I accept without question that the liberty guaranteed by the Fourteenth Amendment against impairment by the States embraces in full the right of free exercise of religion protected by the First Amendment, and I yield to no one in my conception of the breadth of that freedom. See Braunfeld v. Brown, 366 U.S. 599, 616 (dissenting opinion). I accept too the proposition that the Fourteenth Amendment has somehow absorbed the Establishment Clause, although it is not without irony that a constitutional provision evidently designed to leave the States free to go their own way should now have become a restriction upon their autonomy. But I cannot agree with what seems to me the insensitive definition of the Establishment Clause contained in the Court's opinion, nor with the different but, I think, equally mechanistic definitions contained in the separate opinions which have been filed. [374 U.S. 203, 311]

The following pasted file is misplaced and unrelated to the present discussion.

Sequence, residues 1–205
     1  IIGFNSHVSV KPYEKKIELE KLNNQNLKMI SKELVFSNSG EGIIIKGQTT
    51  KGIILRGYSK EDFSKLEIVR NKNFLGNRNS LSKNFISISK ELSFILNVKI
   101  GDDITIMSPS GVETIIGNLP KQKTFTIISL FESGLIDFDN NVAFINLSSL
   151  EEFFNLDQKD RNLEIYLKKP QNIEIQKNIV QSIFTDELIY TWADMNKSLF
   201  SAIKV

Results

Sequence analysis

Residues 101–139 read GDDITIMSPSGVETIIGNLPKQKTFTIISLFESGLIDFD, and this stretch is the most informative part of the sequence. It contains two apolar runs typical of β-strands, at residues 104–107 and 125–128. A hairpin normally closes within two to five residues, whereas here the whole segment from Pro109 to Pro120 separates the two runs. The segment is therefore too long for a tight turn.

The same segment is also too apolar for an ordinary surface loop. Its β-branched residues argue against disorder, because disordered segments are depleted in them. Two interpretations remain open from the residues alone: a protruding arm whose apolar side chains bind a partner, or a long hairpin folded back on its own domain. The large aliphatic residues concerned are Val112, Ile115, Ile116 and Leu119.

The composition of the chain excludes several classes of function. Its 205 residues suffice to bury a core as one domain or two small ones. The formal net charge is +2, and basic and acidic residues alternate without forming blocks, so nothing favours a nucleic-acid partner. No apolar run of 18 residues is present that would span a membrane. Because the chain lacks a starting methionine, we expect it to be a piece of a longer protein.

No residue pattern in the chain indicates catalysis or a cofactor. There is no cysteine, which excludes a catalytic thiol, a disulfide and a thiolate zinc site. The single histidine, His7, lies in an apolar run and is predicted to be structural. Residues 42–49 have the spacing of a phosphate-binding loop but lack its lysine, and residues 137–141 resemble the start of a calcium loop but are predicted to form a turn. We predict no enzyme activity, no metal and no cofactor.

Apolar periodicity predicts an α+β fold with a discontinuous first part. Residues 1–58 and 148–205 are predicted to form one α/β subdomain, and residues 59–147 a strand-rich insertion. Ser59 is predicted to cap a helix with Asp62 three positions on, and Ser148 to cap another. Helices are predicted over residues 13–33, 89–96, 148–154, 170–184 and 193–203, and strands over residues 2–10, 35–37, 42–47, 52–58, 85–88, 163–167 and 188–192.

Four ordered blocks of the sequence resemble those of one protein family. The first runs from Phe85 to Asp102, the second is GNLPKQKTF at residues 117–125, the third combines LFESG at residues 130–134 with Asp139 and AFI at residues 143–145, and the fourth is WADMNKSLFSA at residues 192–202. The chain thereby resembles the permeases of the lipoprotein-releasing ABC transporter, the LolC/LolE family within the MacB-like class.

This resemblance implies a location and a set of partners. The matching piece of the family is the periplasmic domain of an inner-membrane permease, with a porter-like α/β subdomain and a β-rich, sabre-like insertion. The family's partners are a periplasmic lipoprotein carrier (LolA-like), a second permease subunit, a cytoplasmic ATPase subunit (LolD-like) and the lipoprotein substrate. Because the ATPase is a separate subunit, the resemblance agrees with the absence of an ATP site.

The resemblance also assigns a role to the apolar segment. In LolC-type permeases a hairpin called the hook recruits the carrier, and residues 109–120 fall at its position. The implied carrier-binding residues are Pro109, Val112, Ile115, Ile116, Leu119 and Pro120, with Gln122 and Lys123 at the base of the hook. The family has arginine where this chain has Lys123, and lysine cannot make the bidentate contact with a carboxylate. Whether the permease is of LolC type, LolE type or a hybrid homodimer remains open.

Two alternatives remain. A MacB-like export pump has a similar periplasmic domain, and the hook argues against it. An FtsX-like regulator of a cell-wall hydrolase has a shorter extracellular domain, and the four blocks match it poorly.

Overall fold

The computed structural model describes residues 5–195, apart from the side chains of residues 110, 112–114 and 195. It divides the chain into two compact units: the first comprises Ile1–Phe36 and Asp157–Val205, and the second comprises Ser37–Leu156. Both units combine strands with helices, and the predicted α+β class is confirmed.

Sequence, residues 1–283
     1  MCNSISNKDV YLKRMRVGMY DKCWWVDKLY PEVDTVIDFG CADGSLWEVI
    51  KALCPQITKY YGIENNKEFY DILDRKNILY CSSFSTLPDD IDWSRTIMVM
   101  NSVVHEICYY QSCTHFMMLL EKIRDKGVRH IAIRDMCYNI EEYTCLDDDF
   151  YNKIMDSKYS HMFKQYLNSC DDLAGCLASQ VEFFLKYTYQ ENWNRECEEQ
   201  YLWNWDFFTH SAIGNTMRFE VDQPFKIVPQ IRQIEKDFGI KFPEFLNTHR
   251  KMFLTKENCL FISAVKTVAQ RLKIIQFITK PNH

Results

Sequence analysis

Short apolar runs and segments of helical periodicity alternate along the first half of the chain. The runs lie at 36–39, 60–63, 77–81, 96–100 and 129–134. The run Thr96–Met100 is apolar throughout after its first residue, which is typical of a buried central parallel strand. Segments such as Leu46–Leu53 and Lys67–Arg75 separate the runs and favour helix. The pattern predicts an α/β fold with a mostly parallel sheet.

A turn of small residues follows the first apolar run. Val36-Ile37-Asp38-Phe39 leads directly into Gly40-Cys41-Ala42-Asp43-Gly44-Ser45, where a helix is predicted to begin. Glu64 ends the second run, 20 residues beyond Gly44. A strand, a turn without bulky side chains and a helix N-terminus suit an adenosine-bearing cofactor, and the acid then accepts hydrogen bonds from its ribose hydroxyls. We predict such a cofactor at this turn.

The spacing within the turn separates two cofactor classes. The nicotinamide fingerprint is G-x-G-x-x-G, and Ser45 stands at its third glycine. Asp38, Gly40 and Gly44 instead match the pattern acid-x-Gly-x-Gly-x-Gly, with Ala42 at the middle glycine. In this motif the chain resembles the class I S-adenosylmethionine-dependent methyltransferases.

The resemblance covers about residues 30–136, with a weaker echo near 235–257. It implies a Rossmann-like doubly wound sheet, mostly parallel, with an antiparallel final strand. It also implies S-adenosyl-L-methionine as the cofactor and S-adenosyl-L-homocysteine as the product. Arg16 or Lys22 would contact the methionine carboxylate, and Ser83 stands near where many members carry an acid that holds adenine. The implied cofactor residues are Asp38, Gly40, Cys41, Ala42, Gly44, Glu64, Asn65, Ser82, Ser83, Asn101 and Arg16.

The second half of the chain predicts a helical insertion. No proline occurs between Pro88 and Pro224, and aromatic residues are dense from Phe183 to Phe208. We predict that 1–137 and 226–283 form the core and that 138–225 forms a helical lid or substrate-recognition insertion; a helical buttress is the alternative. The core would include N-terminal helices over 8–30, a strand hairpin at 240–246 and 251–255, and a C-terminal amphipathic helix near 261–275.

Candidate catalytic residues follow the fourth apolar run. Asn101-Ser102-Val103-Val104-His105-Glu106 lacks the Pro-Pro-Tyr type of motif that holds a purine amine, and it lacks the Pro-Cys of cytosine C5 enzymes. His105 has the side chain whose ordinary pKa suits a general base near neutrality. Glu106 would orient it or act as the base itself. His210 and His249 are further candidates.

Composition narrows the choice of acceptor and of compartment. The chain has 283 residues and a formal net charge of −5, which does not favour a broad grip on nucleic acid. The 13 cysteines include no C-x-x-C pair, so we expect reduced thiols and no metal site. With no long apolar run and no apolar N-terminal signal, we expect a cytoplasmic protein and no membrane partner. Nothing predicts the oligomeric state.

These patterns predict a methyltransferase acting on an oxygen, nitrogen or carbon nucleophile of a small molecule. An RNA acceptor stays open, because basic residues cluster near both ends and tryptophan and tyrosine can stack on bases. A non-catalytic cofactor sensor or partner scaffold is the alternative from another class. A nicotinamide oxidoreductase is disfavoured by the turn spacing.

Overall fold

Since the Cantwell pronouncement in 1940, this Court has only twice held invalid state laws on the ground that they were laws "respecting an establishment of religion" in violation of the Fourteenth Amendment. McCollum v. Board of Education, 333 U.S. 203; Engel v. Vitale, 370 U.S. 421. On the other hand, the Court has upheld against such a challenge laws establishing Sunday as a compulsory day of rest, McGowan v. Maryland, 366 U.S. 420, and a law authorizing reimbursement from public funds for the transportation of parochial school pupils. Everson v. Board of Education, 330 U.S. 1.